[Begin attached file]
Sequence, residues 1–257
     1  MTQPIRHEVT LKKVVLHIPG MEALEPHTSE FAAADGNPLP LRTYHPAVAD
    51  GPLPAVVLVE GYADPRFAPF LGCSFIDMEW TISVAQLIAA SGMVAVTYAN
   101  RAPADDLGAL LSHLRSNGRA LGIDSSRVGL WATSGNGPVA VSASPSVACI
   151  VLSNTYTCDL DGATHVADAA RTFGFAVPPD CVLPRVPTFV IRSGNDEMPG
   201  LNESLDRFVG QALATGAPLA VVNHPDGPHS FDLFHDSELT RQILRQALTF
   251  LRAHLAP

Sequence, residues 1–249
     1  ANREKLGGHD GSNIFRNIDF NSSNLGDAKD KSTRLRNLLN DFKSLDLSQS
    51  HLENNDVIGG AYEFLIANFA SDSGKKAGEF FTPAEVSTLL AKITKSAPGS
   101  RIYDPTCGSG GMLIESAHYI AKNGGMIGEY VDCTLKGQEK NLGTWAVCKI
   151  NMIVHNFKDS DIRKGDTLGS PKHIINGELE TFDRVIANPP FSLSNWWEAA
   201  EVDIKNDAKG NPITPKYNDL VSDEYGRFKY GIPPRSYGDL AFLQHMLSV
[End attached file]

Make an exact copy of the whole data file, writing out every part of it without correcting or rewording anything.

Sequence, residues 1–257
     1  MTQPIRHEVT LKKVVLHIPG MEALEPHTSE FAAADGNPLP LRTYHPAVAD
    51  GPLPAVVLVE GYADPRFAPF LGCSFIDMEW TISVAQLIAA SGMVAVTYAN
   101  RAPADDLGAL LSHLRSNGRA LGIDSSRVGL WATSGNGPVA VSASPSVACI
   151  VLSNTYTCDL DGATHVADAA RTFGFAVPPD CVLPRVPTFV IRSGNDEMPG
   201  LNESLDRFVG QALATGAPLA VVNHPDGPHS FDLFHDSELT RQILRQALTF
   251  LRAHLAP

Sequence, residues 1–249
     1  ANREKLGGHD GSNIFRNIDF NSSNLGDAKD KSTRLRNLLN DFKSLDLSQS
    51  HLENNDVIGG AYEFLIANFA SDSGKKAGEF FTPAEVSTLL AKITKSAPGS
   101  RIYDPTCGSG GMLIESAHYI AKNGGMIGEY VDCTLKGQEK NLGTWAVCKI
   151  NMIVHNFKDS DIRKGDTLGS PKHIINGELE TFDRVIANPP FSLSNWWEAA
   201  EVDIKNDAKG NPITPKYNDL VSDEYGRFKY GIPPRSYGDL AFLQHMLSV